CAPARO INDUSTRIES v DICKMAN 1990 1 AER 568 1990 2 WLR 358 1990 BCLC 273 1990 2 AC 605 1990 BCC 164

WARD v MCMASTER 1988 IR 337 1988 IESC 3

M'ALISTER (ORSE DONOGHUE) v STEVENSON 1932 AC 562 1932 SC (HL) 31 1932 SLT 317

HEDLEY BYRNE & CO LTD v HELLER & PARTNERS LTD 1963 2 AER 575 1963 3 WLR 101 1964 AC 465 1963 1 LLOYDS REP 485

HOME OFFICE v DORSET YACHT CO LTD 1970 2 AER 294 1970 2 WLR 1140 1970 AC 1004

ANNS v MERTON LONDON BOROUGH 1977 2 AER 492 1977 2 WLR 1024 1978 AC 728


JUNIOR BOOKS LTD v VEITCHI CO LTD 1982 3 AER 201 1982 3 WLR 477 1983 1 AC 520

LE LIEVRE v GOULD 1893 1 QB 491



VESEY v BUS EIREANN 2001 4 IR 192 2001/24/6453 2001 IESC 93

SHELLEY-MORRIS v BUS ATHA CLIATH (DUBLIN BUS) 2003 1 IR 232 2002/25/6368 2002 IESC 74

FYFFES PLC v DCC PLC & ORS 2009 2 IR 417 2006/25/5111 2006 IEHC 32




On the 8 th of February 2007 in the offices of the firm of A & L Goodbody the solicitors to Allied Irish Banks (hereinafter "AIB" or "the bank" and the first named defendants herein), the first named plaintiff, Judith Whelan, on her own behalf and on behalf of her siblings (the second, fifth and sixth named plaintiffs), her mother (the fourth named plaintiff) and her father (the third named plaintiff, a well known and very successful businessman), entered into a deal together with another then successful businessman. Mr Gerard Conlan, for the joint purchase by them of 86 acres of land at Kilbarry, County Waterford. Crucially for the purposes of these proceedings, the transaction completed that day also involved the execution and acceptance of a facility letter providing for the advance to the plaintiffs and Mr Conlan of the purchase price of €25 million by AIB and the execution of a deed of charge securing the lands in respect of the same borrowings.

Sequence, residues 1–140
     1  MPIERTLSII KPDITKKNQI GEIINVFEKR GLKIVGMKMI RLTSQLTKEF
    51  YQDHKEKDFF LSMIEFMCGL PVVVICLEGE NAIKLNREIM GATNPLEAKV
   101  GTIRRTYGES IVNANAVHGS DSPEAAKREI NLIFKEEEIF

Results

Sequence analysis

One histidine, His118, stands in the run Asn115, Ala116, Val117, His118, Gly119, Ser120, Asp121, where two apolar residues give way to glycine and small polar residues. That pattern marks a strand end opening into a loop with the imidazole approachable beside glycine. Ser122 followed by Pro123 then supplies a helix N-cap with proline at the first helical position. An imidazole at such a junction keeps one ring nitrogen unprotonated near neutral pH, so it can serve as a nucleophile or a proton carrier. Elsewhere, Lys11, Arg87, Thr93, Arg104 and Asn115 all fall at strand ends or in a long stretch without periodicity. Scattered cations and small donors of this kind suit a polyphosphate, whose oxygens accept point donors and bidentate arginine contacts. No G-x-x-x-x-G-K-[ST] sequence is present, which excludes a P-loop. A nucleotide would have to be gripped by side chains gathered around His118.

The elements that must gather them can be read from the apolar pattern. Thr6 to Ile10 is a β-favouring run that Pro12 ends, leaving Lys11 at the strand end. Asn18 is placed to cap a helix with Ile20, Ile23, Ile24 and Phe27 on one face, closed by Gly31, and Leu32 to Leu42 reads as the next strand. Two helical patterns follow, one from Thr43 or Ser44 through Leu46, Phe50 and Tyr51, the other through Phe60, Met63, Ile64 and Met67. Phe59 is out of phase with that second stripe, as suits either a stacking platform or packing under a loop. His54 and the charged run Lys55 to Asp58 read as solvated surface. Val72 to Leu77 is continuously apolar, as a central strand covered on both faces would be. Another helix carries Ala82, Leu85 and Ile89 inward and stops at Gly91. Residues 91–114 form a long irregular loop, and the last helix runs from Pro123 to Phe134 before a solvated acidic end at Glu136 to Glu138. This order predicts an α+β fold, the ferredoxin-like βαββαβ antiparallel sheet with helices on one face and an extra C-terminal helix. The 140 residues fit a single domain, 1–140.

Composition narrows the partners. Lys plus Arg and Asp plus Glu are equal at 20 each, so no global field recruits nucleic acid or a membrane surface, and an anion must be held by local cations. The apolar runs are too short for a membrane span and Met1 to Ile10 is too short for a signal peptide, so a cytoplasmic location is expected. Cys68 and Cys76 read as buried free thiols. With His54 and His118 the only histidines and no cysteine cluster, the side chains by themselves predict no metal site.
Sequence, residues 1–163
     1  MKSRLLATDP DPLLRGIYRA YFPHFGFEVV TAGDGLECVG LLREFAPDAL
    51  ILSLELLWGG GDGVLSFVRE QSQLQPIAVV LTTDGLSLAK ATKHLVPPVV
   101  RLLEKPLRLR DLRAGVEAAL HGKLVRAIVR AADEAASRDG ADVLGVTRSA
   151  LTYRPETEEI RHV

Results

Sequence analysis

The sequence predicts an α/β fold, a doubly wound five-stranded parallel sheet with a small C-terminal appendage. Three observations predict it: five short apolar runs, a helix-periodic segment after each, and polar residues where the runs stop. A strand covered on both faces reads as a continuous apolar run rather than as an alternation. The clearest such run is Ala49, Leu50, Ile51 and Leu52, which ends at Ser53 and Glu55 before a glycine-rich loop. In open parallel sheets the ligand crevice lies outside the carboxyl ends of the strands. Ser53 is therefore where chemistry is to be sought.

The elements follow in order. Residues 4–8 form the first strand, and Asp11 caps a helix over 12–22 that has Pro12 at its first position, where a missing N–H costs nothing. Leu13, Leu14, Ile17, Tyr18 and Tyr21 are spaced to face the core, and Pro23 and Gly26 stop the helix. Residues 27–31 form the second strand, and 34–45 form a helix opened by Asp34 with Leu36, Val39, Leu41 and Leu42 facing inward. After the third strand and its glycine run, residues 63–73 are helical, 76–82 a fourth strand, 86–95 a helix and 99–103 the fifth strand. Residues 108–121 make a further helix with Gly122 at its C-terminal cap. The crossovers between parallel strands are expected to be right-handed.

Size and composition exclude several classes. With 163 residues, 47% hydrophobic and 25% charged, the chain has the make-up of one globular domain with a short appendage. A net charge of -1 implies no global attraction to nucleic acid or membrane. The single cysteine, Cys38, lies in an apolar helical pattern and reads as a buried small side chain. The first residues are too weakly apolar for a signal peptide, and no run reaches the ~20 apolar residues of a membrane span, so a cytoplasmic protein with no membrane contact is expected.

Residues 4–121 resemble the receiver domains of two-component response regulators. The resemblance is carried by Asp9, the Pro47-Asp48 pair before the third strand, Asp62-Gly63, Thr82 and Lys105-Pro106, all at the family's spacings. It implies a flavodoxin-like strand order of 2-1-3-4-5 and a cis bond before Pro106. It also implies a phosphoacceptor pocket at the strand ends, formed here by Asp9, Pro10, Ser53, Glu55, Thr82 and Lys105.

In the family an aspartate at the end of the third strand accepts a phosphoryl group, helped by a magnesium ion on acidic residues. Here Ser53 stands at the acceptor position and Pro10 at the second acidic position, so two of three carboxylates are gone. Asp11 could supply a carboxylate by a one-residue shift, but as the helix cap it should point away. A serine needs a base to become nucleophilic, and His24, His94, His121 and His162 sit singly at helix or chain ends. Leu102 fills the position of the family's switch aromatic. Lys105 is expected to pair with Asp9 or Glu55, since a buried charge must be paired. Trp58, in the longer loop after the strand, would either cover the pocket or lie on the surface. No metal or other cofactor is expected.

The transaction was one that appeared very advantageous, and if it had been known at the time, might perhaps only have excited the envy of any onlooker. The land in question was very likely to be rezoned, having been included in a draft development plan for County Waterford, and on rezoning and the securing of planning permission, it would almost inevitably have become worth a significant multiple of its purchase price. Indeed, even as the transaction was being negotiated, the value of the land was increasing. The transaction was estimated as likely to produce a profit to the Lynch side of up to 20 million euro in a relatively short period of time. It was anticipated that it would have been eminently possible to rapidly sell a portion of the lands, discharge the loan, and then consider whether it was more advantageous to sell the remaining lands in parcels, or to seek to develop the land and secure even more profits, or to do some combination of the two. The purchase itself was to be financed entirely by the loan, and there was no requirement on any member of the Lynch family or Mr Conlan to risk any of their own funds.